Even if national repentance was barely beginning when Douglass died in 1895, the national covenant tradition helped him make sense of America’s tortured history with slavery and its aftermath. National covenant is a trope with a long history stretching back to early Christianity. It is not too much to say that for most of the last 2,000 years, most Christians have believed in the national covenant. This is the idea that (a) God deals with whole nations as nations; and (b) He enters into more intimate relationships with societies that claim Him as Lord. In other words, God not only deals with individuals during their lives and at the final judgment but also deals providentially with every corporate people and enters into special relationship with certain whole societies. Those who are familiar with the Bible know that God dealt with biblical Israel as a whole society. But most moderns are probably unaware that the God of Israel also suggested that he entered into relationship with other nations: “‘Are you not like the Cushites to me, O people of Israel?’ declares the Lord. ‘Did I not bring up Israel from the land of Egypt, and the Philistines from Caphtor and the Syrians from Kir?’” (Amos 9:7).
Most moderns have lost sight of the national covenant, but most premoderns were familiar with it. They would have acknowledged the first part of the tradition, that God blesses and punishes whole nations according to the ways they have responded to “the work of the law … written on their hearts” (Romans 2:15). Nations that uphold the general principles of justice revealed in that “work of the law” – often called “natural law” – are blessed over the long run, and those that flout those principles are eventually punished. These principles roughly correspond to what the Bible calls the Ten Commandments (Exodus 20; Deuteronomy 5).
Here, perhaps, is where the national covenant can help. It says that God can forgive and heal not only an individual but a whole society. The Bible says that God appeared to Solomon in the night and declared to him, “If my people who are called by my name humble themselves, and pray and seek my face and turn from their wicked ways, then I will hear from heaven and will forgive their sin and heal their land” (II Chronicles 7:14). This vision in the night from God suggests that whole societies can be forgiven and healed. It also suggests that healing depends on people turning to God in freedom and humility. This is the spiritual dimension to our nation’s division that can never be mandated by a government. There is no room for coercion here – only prayer and humility.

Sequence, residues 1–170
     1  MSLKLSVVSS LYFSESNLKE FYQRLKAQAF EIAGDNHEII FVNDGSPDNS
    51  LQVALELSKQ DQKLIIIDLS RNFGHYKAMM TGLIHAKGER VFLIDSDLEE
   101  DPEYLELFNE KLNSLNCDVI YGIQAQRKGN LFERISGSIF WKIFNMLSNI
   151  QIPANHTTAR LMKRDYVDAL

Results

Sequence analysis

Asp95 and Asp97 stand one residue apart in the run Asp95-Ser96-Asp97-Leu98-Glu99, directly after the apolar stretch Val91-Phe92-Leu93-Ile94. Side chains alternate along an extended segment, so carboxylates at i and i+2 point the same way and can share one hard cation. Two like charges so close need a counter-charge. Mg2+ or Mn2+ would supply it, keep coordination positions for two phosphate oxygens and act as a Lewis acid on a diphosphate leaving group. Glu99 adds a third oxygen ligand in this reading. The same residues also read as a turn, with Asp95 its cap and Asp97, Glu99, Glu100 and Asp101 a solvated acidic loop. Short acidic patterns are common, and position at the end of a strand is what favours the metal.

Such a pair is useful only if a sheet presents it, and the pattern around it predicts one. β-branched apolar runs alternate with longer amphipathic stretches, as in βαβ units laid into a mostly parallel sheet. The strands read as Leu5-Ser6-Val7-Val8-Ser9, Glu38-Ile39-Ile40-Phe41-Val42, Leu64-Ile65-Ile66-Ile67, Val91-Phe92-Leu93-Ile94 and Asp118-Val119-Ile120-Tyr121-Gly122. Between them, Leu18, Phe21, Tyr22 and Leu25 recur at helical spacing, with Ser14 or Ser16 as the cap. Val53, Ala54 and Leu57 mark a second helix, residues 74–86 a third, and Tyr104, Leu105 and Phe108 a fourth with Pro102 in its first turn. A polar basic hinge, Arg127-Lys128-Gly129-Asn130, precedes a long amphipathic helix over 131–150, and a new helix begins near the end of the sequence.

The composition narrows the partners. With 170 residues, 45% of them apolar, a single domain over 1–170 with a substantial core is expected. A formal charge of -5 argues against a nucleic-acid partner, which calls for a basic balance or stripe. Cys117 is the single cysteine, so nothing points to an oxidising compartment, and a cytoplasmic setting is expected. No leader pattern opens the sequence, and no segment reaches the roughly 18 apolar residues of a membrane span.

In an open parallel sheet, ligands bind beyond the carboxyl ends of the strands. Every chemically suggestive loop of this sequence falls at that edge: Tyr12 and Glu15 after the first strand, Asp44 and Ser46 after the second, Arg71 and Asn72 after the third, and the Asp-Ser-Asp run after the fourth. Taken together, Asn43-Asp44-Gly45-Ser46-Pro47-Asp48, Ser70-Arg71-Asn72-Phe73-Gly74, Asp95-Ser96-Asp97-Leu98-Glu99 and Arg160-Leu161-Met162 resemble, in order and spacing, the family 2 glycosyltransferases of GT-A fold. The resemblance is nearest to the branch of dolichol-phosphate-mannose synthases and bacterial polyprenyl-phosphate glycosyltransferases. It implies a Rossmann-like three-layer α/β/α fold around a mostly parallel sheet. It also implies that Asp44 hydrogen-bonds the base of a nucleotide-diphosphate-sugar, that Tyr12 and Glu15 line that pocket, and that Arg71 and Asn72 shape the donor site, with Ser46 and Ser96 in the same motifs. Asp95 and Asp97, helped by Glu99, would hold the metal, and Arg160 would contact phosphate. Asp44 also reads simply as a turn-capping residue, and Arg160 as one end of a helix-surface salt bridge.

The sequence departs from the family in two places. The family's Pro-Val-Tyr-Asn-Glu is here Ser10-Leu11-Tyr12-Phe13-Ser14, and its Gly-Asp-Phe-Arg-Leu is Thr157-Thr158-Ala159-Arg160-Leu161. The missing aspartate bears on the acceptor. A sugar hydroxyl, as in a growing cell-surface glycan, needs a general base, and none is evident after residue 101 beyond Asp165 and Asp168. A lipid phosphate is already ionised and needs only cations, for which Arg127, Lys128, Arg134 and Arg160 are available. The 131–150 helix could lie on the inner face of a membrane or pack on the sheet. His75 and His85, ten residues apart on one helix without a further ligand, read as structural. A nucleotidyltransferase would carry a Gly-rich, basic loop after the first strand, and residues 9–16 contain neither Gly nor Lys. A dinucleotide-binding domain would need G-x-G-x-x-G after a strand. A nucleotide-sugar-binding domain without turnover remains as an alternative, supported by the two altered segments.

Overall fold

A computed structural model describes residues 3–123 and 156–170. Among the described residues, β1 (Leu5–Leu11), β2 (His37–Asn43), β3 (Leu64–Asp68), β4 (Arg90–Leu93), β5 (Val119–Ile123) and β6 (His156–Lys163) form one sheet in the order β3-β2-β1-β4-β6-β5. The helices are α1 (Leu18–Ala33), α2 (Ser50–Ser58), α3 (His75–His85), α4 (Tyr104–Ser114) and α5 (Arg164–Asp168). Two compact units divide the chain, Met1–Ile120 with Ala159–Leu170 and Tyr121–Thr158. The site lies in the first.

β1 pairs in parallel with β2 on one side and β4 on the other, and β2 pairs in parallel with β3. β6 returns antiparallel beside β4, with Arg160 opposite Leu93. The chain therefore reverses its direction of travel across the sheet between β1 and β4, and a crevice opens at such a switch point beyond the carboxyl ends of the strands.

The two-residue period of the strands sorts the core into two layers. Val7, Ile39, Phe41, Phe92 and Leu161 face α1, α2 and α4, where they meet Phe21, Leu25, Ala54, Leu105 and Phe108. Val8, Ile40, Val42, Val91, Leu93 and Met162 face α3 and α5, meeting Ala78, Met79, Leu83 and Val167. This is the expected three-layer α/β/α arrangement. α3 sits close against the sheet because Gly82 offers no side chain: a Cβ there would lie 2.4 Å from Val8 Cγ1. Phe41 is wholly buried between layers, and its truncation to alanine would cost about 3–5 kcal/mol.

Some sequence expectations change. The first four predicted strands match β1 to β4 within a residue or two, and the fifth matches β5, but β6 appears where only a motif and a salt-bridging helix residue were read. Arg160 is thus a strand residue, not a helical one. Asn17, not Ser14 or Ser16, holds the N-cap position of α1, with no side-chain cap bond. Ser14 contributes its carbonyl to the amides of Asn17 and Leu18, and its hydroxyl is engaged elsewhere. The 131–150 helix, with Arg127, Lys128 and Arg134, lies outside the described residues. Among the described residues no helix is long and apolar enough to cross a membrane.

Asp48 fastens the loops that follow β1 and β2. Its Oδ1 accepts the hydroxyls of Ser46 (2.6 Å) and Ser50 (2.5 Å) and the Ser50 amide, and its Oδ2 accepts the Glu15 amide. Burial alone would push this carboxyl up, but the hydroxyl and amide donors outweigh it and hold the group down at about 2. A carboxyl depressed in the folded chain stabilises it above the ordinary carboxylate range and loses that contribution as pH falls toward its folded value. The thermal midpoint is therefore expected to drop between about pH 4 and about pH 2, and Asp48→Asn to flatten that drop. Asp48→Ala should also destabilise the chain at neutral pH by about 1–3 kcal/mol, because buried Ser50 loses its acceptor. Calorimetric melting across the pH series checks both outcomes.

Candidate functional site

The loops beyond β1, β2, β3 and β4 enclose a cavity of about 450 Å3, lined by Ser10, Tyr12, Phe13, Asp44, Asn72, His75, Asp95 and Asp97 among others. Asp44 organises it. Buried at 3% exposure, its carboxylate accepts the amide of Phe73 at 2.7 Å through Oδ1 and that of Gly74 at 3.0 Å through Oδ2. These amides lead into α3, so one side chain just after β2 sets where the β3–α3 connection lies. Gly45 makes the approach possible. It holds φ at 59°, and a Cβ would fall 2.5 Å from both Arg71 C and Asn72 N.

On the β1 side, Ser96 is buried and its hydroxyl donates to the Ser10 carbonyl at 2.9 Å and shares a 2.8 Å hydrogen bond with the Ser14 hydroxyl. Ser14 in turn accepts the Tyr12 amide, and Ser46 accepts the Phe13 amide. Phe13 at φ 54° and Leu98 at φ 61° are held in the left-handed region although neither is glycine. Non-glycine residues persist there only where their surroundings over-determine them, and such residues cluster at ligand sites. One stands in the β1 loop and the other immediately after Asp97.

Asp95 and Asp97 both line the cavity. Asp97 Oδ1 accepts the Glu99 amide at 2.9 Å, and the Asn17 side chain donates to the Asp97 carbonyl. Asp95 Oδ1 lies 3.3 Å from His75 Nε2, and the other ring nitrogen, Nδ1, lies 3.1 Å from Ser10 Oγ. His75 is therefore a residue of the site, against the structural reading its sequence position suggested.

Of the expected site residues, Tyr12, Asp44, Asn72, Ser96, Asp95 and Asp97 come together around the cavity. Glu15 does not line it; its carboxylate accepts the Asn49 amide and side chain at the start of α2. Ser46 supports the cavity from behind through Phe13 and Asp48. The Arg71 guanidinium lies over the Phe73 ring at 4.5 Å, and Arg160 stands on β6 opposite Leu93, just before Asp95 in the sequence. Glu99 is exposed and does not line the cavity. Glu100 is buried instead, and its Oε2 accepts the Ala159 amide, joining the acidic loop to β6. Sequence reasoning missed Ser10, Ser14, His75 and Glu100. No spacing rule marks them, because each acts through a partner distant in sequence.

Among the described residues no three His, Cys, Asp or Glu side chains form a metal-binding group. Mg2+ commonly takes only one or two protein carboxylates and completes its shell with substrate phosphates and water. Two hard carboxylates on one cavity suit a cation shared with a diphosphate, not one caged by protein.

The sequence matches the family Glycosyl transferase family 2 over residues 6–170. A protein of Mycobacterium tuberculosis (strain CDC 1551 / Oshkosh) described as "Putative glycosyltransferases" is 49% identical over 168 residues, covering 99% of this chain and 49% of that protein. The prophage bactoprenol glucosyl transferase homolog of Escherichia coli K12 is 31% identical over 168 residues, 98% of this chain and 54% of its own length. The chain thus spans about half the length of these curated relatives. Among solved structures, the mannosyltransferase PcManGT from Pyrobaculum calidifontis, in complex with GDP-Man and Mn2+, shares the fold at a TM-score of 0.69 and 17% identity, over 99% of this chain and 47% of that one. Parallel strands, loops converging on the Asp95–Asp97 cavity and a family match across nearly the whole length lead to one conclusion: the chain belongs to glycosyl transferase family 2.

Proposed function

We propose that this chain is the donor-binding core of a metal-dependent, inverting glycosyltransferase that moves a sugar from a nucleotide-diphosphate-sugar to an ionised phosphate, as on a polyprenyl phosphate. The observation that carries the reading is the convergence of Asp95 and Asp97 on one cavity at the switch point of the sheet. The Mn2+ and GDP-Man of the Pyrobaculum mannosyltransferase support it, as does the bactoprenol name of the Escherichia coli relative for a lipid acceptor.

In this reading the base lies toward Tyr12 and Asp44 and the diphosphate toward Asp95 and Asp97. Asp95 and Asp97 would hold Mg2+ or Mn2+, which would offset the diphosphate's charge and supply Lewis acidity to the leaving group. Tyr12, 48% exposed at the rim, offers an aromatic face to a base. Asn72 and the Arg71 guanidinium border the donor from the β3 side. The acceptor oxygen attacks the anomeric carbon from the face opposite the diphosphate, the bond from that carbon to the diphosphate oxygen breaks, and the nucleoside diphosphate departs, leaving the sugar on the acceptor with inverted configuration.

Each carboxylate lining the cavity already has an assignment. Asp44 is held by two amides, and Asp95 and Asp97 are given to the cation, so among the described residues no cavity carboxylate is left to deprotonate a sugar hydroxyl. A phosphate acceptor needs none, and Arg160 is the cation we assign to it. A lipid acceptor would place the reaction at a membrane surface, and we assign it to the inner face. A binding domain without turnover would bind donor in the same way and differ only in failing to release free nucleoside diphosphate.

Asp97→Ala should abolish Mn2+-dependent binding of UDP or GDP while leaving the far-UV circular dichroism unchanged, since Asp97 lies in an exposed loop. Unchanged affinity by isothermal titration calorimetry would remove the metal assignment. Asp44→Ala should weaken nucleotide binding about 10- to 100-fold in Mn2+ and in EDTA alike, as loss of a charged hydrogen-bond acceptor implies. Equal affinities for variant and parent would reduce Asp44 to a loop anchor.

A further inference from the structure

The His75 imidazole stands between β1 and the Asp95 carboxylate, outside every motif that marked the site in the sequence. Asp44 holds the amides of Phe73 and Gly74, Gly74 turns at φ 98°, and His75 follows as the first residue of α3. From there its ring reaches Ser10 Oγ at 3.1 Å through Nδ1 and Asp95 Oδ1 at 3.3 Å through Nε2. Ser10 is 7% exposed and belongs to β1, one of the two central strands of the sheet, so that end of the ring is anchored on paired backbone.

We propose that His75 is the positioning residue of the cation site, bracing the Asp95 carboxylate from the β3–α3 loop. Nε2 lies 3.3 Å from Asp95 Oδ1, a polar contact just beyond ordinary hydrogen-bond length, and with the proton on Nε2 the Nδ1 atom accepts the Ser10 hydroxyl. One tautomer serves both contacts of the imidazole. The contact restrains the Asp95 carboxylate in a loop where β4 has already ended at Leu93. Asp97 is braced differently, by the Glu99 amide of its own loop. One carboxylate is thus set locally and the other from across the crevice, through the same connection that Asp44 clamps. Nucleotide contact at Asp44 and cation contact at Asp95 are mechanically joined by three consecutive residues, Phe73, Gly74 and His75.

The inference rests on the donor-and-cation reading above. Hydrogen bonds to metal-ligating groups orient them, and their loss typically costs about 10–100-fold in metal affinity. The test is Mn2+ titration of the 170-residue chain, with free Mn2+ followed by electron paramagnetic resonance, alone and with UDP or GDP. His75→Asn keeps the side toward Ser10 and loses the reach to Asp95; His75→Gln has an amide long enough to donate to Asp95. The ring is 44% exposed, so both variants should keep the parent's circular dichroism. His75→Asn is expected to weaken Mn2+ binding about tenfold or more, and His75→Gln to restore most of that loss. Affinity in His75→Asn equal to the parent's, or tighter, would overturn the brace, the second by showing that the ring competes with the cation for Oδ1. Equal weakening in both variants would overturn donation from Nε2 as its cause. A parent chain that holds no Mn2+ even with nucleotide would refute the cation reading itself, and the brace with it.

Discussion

This nation is hurting. In many ways it is broken, and racial division is a big part of that brokenness. But there is hope. The source is spiritual, not political. It comes from humility and prayer and seeking God’s face. The God of Israel is Lord, even of this hurting land. Our racial divisions suggest that we have experienced covenantal judgment and exile. But we can also experience covenantal forgiveness and healing.
This excerpt has been adapted from the introduction to Race and Covenant: Recovering the Religious Roots for American Reconciliation.
*About the author: Gerald R. McDermott is retired from the Anglican Chair of Divinity at Beeson Divinity School. The author, co-author, or editor of more than 20 books, his co-authored Theology of Jonathan Edwards (Oxford University Press) was Christianity Today’s Book of the Year in Theology and Ethics for 2013.
Source: This article was published by the Acton Institute